Hello, Please excuse me if this is an ignorant question. I'm thinking about
replacing the roof on an old house (ridgeboard, rafters etc). I'm not sure
the yet if the house is square. I would like to cut all the rafters ahead
of time, but am worried that the bird's mouth cut may be too short or long
because of an out of square condition. My question is: is there a common
way to correct once the rafters have been cut? Maybe recut and shim or ?
There's a term for rafters that have been mis-cut - blocking.
Cutting rafters does not take a very long at all, so you wouldn't be
saving very much time. The odds of you making a mistake, an expensive
mistake, cutting them ahead of time is fairly high.
If you're replacing the roof, take off the old one and then measure the
top plates for level, square and straightness. Then cut the new
if not, squareness is not really an issue with rafters. it affects the
rake overhangs and the roof if you are using three tab shingles or
steel, but not really the rafters. what you are looking for is
straight, parallel, level walls (within tolerance).
I do agree with rico that it is probably not wise to cut your rafters
ahead of time. my standard operating procedure is to cut one or two
rafters and try them out to make sure I have things right before I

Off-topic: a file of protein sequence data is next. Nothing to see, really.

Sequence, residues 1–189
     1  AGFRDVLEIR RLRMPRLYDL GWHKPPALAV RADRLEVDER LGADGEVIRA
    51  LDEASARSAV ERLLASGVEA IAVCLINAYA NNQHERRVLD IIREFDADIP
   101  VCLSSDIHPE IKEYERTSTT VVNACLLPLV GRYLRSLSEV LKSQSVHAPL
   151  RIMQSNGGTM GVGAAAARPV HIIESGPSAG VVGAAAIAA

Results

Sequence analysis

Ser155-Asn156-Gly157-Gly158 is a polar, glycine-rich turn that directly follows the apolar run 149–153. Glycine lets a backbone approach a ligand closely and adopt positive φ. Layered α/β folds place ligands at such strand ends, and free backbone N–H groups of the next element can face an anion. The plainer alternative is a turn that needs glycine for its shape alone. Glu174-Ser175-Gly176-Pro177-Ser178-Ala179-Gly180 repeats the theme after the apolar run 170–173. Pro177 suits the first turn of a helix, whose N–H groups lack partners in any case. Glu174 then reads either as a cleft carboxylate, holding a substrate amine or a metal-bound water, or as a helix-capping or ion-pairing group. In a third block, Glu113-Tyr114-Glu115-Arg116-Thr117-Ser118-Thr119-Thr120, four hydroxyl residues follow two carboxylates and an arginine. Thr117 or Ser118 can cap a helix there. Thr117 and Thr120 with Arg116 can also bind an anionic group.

commit. you could cut all your plumb cuts on top ahead of time if you
want. I suppose you could even go so far as to cut a pair of patterns.
then when you have the old roof off, you can try them out (without
having to start scratching your head with a rafter table book or
calculator or whatever) and if they fit, quickly cut the rest.
Thanks, I agree with you and RicodJour that it would be safer to cut a test
pair after the roof is off. I guess I was just thinking about moving as
fast as possible before rain. Maybe I should think about some tarps.
Seems to be a lot of hand wringing over this.
Back in the days where you had to lay out rafters with a square, I
would always cut a pair and try them. There's nothing to stop you
from nailing a couple blocks on a wall and try the pair there.
That's assuming you know the span and if you don't, I would stop
right there and hire someone else.
With rafter books now days, it's hard to be wrong as long as you
can read a tape.
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